Metro-Goldwyn-Mayer is tearing a page out of TV marketing handbooks to brand its new films.
Commercials for new MGM releases will prominently display the movie's title for the full length of the spot, similar to the way many broadcast and cable networks now feature their logos in the bottom corner of the TV screen during programs.
The spots will appear in letterbox format, which frames the TV screen in black borders to re-create the rectangular shape of a movie screen.
MGM's new "Just the Ticket," which stars Andy Garcia as a ticket scalper, is one of the first films to be promoted via the new commercial format. It will also be used for the upcoming "The Mod Squad," based on the 1970s TV show.
"Audiences are really bombarded with messages, not only film, but television networks, cable networks, and now home video," said Gerry Rich, president of worldwide marketing for MGM Distribution Co., the theatrical division of MGM. "We asked, 'How can we stand out and look a bit different?'"
MGM AS PIONEER
One veteran Hollywood ad executive said the MGM strategy is a new one for a major studio, and could keep TV viewers from grabbing the remote.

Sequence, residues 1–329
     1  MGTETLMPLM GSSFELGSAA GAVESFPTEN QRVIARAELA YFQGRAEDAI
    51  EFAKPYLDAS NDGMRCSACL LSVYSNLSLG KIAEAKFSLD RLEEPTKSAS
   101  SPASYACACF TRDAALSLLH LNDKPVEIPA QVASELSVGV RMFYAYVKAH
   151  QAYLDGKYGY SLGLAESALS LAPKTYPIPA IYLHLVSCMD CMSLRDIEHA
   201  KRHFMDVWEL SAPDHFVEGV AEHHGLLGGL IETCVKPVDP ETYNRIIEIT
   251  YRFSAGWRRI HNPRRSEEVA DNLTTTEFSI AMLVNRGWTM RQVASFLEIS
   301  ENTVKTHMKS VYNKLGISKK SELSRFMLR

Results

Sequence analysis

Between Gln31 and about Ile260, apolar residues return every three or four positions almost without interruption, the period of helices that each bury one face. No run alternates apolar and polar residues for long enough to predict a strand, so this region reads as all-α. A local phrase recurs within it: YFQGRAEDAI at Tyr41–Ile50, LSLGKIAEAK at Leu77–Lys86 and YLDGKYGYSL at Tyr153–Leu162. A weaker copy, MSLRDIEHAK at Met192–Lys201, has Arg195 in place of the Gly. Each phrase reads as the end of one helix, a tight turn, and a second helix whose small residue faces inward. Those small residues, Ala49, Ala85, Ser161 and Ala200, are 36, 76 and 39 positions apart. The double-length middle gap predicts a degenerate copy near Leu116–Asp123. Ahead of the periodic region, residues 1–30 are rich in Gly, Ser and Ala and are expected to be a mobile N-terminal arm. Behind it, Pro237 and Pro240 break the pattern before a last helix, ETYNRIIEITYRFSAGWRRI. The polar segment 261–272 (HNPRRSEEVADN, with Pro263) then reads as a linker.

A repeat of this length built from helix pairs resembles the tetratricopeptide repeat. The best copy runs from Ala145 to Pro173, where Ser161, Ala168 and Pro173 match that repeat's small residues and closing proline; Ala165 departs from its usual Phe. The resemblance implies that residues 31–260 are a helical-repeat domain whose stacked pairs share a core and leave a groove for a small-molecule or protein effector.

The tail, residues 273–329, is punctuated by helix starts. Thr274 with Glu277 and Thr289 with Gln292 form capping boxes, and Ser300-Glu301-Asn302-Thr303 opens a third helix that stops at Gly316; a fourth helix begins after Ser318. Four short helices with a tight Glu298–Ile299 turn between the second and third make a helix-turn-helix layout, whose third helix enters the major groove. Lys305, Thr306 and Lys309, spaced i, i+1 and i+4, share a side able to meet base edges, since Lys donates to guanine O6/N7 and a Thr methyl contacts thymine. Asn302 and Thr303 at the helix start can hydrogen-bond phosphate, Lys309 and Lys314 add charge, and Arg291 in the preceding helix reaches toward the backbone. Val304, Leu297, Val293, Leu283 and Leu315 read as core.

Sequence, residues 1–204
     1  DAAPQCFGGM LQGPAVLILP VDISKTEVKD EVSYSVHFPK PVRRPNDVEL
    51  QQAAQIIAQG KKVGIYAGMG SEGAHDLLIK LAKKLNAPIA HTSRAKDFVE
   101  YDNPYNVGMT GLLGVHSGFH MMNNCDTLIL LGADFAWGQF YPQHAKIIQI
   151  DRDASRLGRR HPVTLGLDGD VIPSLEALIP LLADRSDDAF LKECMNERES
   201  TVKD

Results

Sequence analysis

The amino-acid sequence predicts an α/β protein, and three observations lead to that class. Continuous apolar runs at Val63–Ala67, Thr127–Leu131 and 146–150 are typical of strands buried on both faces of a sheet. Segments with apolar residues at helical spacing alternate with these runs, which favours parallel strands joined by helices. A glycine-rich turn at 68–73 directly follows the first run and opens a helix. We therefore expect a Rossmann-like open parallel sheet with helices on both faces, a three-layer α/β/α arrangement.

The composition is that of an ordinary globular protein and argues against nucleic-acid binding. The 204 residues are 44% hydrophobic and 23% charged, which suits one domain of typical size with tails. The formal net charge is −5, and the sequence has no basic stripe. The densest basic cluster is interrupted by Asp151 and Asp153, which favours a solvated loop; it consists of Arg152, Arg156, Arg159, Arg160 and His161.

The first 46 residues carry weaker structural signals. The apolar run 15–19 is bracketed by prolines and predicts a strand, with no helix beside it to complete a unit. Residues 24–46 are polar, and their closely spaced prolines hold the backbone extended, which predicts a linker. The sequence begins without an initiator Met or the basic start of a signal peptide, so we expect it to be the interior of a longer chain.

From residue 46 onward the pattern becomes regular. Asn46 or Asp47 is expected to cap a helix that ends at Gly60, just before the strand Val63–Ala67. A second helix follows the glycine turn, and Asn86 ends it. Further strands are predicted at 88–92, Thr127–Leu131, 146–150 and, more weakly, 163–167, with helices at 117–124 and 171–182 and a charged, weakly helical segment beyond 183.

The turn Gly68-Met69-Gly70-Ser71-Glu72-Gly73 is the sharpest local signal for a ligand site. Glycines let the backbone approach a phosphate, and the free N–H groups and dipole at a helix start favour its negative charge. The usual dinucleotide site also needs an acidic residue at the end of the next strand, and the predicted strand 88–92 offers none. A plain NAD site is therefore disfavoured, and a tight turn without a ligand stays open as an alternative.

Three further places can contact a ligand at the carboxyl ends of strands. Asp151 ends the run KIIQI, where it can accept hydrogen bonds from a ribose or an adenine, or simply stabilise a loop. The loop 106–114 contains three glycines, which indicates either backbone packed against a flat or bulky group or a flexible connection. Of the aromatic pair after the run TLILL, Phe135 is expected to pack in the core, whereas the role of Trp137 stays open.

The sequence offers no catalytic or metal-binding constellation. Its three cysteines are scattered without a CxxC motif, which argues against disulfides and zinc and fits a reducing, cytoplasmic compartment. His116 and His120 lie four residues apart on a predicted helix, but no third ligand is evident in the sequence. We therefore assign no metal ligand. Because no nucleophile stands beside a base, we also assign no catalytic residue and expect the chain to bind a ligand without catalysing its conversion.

"It's the first time I've seen it," said Craig Murray, president of Craig Murray Productions. "It may give you one less reason to jump to another television show."
Promoting new films is increasingly time sensitive, with opening weekend performance seen as crucial to success.
Weeks before a film opens, producers track audience response to TV spots, theater trailers and outdoor ad campaigns.
Two factors, "intent to see" and "awareness" are seen as accurate indicators of how a movie will perform.
MGM's new process, the studio's Mr. Rich said, "will heighten the awareness level of the title, which is certainly a factor in determining box office success."
MGM hopes the process will distinguish its campaigns from those for rival flicks, which can often look numbingly similar. There's a reason for that. In the movie industry, Hollywood's boutique entertainment shops regularly work on multiple films from different studios at the same time.
'ROOM FOR INNOVATION'
"We all go to the same boutiques, and we all have the same look to our advertising," said Mr. Rich. "There is room for innovation."
By doing this MGM believes it will distinguish its ads from those for other studios' films and other entertainment properties, such as TV movies and home videos, thereby letting the viewer know the MGM product is of theatrical movie quality.
For "The Mod Squad," MGM plans a more elaborate identification on spots, with the black border replaced by a late '60s pop art motif.
Copyright March 1999, Crain Communications Inc.